RENO, Nev. – A discussion at STN EXPO Reno moderated by a student transportation professional included representatives of various school bus ventilation technologies who discussed the questions industry leaders should be asking when deciding on purchasing a system.
Facilitator Chris Ellison, director of transportation for David Douglas School District in Portland, Oregon, first reviewed different types of air purification with the panel.
Matthew Montgomery, market leader for Jackson Control Company, explained that air purification is the process of cleaning the air of unwanted particulate matter while ionization uses charged particles to capture the debris and drag it to the floor.
United Safety & Survivability Corp. does something similar to ionization through the use of hydrogen peroxide molecules, which also disinfect bus surfaces. “We’re after a clean school bus interior, and we have a few different ways to do that,” said National Sales Manager Ken Hedgecock.
Webasto Thermo & Comfort developed a medical-grade air filtration technology that it brought to school buses, explained National Account Manager Paul Baczewski.
Montgomery and Al Chami, vice president of sales for Airlabs, agreed that UV rays, which have been used on airplanes, are better suited to clean surfaces than air inside a bus. UV rays should also never shine directly on passengers and should only be used when no one is on board or in a protected casing.
As for installation, Montgomery said Jackson’s air ionization technology is not hard to install. Baczewski said an ideal location for a system is close to the front of the bus near the loading door, which introduces new contaminants every time it opens, and to the bus driver, who is on the bus all day. Chami explained that the individual Airlab AirBubbl units can be mounted throughout the bus to create pockets of clean air.
With onboard mask mandates in place in many states, and rules in states like Oregon that state all windows must remain cracked 1 to 2 inches, Ellison questioned the effect on air purification efforts. Baczewski and Montgomery said it did not create any new issues with onboard air filtration or ionization systems, but Chami noted that in cities, leaving windows open may actually pose practical problems since it allows the entrance of smog and pollutants rather than fresh air.
Attendees questioned whether these products work in extremely cold climates or on hot days with no air conditioning. Hedgecock confirmed that open windows and either cool or hot air would not interfere with the air cleaning systems.
All panelists agreed that with new technology, there is a need for education and training, as well as attention to state requirements and what is allowed or not allowed.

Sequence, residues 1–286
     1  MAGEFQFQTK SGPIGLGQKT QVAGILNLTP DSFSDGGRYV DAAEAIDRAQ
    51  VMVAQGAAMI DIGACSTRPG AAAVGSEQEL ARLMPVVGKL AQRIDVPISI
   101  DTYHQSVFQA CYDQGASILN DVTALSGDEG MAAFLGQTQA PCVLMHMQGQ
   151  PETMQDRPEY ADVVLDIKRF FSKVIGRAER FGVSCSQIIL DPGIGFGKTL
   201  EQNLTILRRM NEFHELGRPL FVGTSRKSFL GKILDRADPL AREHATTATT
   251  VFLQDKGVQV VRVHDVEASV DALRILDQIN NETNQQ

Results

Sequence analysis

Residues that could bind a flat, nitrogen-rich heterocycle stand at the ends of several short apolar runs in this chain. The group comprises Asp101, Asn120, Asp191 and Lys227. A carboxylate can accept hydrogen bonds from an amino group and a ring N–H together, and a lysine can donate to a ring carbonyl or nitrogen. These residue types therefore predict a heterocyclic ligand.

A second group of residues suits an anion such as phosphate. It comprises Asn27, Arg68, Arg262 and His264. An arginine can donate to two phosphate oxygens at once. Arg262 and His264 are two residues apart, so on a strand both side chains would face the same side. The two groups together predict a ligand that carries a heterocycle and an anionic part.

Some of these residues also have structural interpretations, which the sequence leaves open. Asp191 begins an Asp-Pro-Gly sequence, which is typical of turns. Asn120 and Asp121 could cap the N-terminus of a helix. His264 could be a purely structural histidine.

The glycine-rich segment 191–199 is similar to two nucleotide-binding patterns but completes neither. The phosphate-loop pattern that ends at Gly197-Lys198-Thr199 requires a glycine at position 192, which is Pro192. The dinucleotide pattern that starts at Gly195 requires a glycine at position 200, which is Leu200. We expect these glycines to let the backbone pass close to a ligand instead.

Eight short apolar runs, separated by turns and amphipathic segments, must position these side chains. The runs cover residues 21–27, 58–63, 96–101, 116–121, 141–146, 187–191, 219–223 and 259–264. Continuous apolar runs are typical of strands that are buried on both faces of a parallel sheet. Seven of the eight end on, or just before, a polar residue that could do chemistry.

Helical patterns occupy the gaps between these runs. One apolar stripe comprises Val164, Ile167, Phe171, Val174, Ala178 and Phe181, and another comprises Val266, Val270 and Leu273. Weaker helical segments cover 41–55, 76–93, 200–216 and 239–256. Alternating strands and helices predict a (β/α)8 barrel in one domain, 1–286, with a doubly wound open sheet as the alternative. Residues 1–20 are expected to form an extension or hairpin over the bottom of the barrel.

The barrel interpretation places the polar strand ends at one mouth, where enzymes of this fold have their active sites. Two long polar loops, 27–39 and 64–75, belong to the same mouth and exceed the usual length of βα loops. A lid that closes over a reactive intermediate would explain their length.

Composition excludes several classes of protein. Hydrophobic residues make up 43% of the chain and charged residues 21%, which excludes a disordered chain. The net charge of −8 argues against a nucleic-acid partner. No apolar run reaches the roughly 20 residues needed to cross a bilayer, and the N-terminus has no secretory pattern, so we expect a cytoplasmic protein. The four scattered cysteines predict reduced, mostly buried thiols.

When deciding on a new system, the panelists said to consider testing standards of the new equipment, district budgets, the installation process and any ongoing maintenance. Ellison advised getting the product that is uniquely suited to each district, its climate and its needs.
“Understand what you’re getting. Not all technology is created equal,” Chami cautioned.
Districts can currently use Elementary and Secondary School Emergency Relief funds, or ESSER, to purchase air purification and ionization systems, but what happens after that, asked Ellison. Most panelists quoted a price of $1,500 to $2,500 to outfit one bus, but stressed that these products carry long-term benefits and often last the life of the bus. Like DERA grants help clean the air outside the bus, Baczewski noted that districts are now considering these products so the inside of the bus is clean as well.
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Installation takes about an hour for most products represented by the panelists, and maintenance is neither complicated nor costly. Webasto’s product is somewhat more detailed since it is medical grade. None of the units are loud or distracting.
“Do you feel like this is pandemic excitement, or that air purification and ionization is here to stay?” Ellison queried of the panel.
The panelists agreed that COVID-19 created a heightened sense of awareness that turned into a more concentrated focus on student health and safety year-round. Chami and Baczewski noted that the technology can also help with driver retention.
The panelists also discussed integration of such technology into a bus HVAC system or the possibility that it may be federally or state mandated.
Baczewski and Montgomery noted that air purification is a tried-and-true option that is new to buses. Hedgecock cautioned to be on the lookout for sensationalization, or systems that claim to cure COVID-19. Rather, legitimate systems target the SARS-CoV-2 virus that causes COVID-19.
All four companies showcased their systems during the STN EXPO Extravaganza on the Trade Show floor on Monday evening and will again when the event resumes on Tuesday.